The above figures are only an example. In fact, the properties Of RuOx depend dramatically on the details of its preparation and on the chemical composition of the active layer which may contain other components. The good response of RuOx and IrOx is not only due to their surface and morphological properties but also to their excellent electrical conductivity. This prevents the penetration of electric field into the bulk which would lower the capacitance associated with space charge effects, which can be detrimental with carbon materials (5).
RuOx and IrOx can be prepared in various ways and several methods have been described (14). For instance, active electrodes for electrolysis cells can be prepared by the thermal decomposition of suitable precursors (25). The nature of the precursor, the way the precursor is applied to the support, the temperature of calcination, and other parameters, all have a marked effect on the final surface response (24), which requires several complementary experimental approaches for its full evaluation. However, the most straightforward technique for in situ characterisation of the surface response is cyclic voltammetry.
In cyclic voltammetry a potential, which changes linearly and periodically with time, is applied to an electrode, while the current response is recorded. The cyclic voltammetric response of an ideal capacitor is illustrated in Figure 5, where the constant capacitance results in charging at constant current while ΔV Fis linearly increased; v is the potential scan rate:
From Equation (vii) it is clear that for a non-ideal capacitor the current response will be more non-linear the more the capacitor departs from ideal behaviour.
In Figure 6(a) a typical cyclic voltammetric curve for RuOx is shown (26). It is interesting to see how much the response approaches that of a conventional capacitor despite the dramatically different nature of surface charging. The broad humps are associated with surface redox transitions, as outlined by Equation ((vi)). The broadness of the peaks can be explained in terms of a large heterogeneity in the surface sites. Figure 6(b) compares the cyclic voltammetric curves of different materials. It is more difficult to distinguish definite redox transitions for IrOx although the response is still typical of a non-ideal condenser (27). Conversely, the cyclic voltammetric response of a battery-like material or of a homogeneous surface site distribution would result in sharp, high peaks which are unsuitable for use in double-layer capacitors. The response of a NiOx electrode is shown for comparison.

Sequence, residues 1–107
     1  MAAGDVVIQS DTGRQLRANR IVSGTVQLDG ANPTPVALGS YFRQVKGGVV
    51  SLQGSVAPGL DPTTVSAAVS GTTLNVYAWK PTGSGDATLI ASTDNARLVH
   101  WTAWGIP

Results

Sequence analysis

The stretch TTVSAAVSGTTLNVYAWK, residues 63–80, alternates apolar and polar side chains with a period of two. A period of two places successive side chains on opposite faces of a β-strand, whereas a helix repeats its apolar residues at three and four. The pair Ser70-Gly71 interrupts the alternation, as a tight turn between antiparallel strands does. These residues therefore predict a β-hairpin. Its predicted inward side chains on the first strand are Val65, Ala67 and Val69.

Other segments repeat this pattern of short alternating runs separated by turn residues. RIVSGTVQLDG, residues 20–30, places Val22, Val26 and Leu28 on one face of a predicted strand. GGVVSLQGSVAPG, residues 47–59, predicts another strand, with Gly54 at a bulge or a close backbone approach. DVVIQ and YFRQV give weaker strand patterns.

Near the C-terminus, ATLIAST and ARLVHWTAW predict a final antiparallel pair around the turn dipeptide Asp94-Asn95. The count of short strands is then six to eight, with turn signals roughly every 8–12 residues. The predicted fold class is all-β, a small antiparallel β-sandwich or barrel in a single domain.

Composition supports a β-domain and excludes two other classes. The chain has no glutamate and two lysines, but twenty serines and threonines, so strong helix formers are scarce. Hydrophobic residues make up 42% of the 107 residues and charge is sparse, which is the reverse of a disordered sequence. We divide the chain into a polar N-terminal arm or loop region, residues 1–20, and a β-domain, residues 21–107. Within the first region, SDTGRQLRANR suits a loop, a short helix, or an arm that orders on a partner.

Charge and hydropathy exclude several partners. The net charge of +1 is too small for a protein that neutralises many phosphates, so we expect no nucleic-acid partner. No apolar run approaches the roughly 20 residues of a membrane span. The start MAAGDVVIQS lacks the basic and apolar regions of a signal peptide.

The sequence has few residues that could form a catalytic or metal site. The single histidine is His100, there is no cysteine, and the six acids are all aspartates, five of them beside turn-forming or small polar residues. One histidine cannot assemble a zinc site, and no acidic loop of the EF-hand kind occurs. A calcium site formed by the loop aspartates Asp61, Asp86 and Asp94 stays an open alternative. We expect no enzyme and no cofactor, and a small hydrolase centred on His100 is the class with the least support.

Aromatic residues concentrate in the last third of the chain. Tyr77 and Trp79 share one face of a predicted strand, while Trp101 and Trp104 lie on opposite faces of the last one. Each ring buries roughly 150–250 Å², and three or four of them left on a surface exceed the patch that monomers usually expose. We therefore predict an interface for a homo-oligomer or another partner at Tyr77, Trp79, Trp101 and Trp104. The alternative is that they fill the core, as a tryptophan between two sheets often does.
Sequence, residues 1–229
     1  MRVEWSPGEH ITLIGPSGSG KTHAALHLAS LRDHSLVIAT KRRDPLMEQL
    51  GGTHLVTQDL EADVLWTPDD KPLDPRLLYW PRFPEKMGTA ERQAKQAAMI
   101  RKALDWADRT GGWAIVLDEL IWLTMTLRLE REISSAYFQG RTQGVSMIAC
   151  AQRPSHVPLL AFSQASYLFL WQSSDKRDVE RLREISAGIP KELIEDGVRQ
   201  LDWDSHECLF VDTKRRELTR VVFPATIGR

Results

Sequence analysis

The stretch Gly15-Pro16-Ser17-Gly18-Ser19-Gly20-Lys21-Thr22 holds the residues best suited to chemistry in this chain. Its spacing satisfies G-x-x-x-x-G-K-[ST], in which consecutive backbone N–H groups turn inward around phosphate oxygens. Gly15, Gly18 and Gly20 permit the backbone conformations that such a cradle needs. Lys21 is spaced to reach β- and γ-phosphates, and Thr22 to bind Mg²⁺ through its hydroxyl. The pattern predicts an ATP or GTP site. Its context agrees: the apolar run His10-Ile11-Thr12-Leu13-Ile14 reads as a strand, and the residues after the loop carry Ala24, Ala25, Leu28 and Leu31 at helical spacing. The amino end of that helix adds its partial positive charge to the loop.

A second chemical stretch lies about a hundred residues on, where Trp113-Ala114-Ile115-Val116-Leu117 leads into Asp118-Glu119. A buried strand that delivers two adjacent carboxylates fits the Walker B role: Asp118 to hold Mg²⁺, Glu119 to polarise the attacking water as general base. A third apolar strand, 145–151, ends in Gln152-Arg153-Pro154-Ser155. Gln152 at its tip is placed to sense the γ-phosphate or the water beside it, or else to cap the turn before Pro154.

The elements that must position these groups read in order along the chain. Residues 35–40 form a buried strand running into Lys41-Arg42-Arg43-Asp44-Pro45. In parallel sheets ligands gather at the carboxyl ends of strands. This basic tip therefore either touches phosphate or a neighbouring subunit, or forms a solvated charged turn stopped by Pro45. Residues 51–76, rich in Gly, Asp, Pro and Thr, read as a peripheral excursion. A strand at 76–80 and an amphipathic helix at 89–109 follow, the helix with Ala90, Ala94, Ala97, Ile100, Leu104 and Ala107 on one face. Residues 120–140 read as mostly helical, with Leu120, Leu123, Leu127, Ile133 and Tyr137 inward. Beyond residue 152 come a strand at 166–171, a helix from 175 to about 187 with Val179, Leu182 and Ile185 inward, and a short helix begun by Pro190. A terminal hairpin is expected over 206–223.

Ruthenium and iridium oxides can also be prepared by anodic electrolytic growth on the parent metals. A very high charge is also obtained in this case, but the voltammetric response indicates that hydrous oxides with bulk oxidation/reduction transitions are obtained in similar circumstances. In this state the electrode resistance, which is deleterious, increases, while the time response becomes slower (27, 28).
Integration of the cyclic voltammetric curves gives the surface charge density (q*, measured in C/m2) associated with charging/discharging, which is a primary parameter in the evaluation of oxide electrode properties. Much fundamental work has been devoted to the characterisation of oxide electrodes (24), and a decrease in surface charge density has been found as the calcination temperature is increased. Figure 7 illustrates the case for IrOx: the maximum indicates the borderline temperature below which decomposition is incomplete (29). The surface charge density has been observed to depend on the solvent in which the precursor is dissolved: thus, organic solvents produce a higher charge for IrOx, probably because they favour the formation of particles of smaller size (30). In addition, RuOx prepared from the nitrate exhibits a higher value of surface charge density than when it is prepared from the chloride (31).
The various morphological analyses carried out on these oxides have shown that the layer possesses a compressed powder structure, see Figure 8 (24). In addition to pores being present, crystallites are joined at boundaries which may be permeable to the electrolyte solution. Therefore, the whole layer becomes impregnated with the electrolyte solution and this results in a very high oxide/solution interface area.
Proton exchange is easy and fast at the outer (macro) interface, but it may be limited by mass transfer and other problems at the inner (micro) interfaces. This can be inferred in a number of ways, from the dependence of the surface charge density on the pH of the solution (surface charge density decreases if measured at intermediate pH), from the exchange rate of tritium in solution, from the in-depth profile of proton concentration, and in particular from the dependence of surface charge density on the rate of application of the electrode potential in cyclic voltammetry (24). Figure 9 shows an example for RuOx.